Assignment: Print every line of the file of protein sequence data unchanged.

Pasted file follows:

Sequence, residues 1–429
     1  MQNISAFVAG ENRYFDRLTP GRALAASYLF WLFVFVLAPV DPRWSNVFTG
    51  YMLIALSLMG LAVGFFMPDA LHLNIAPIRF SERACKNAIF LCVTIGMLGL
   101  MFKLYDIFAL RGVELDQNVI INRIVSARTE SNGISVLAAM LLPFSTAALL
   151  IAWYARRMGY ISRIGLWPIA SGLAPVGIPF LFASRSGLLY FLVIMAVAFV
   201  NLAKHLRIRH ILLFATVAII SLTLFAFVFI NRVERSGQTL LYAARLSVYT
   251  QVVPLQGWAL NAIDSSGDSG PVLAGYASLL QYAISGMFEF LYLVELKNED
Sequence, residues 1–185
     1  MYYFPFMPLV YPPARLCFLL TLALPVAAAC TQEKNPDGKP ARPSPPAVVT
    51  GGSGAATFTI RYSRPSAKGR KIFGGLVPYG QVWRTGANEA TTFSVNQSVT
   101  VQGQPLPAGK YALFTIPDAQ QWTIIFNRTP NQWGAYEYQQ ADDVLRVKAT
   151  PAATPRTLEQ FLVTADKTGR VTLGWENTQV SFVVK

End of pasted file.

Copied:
Sequence, residues 1–429
     1  MQNISAFVAG ENRYFDRLTP GRALAASYLF WLFVFVLAPV DPRWSNVFTG
    51  YMLIALSLMG LAVGFFMPDA LHLNIAPIRF SERACKNAIF LCVTIGMLGL
   101  MFKLYDIFAL RGVELDQNVI INRIVSARTE SNGISVLAAM LLPFSTAALL
   151  IAWYARRMGY ISRIGLWPIA SGLAPVGIPF LFASRSGLLY FLVIMAVAFV
   201  NLAKHLRIRH ILLFATVAII SLTLFAFVFI NRVERSGQTL LYAARLSVYT
   251  QVVPLQGWAL NAIDSSGDSG PVLAGYASLL QYAISGMFEF LYLVELKNED
Sequence, residues 1–185
     1  MYYFPFMPLV YPPARLCFLL TLALPVAAAC TQEKNPDGKP ARPSPPAVVT
    51  GGSGAATFTI RYSRPSAKGR KIFGGLVPYG QVWRTGANEA TTFSVNQSVT
   101  VQGQPLPAGK YALFTIPDAQ QWTIIFNRTP NQWGAYEYQQ ADDVLRVKAT
   151  PAATPRTLEQ FLVTADKTGR VTLGWENTQV SFVVK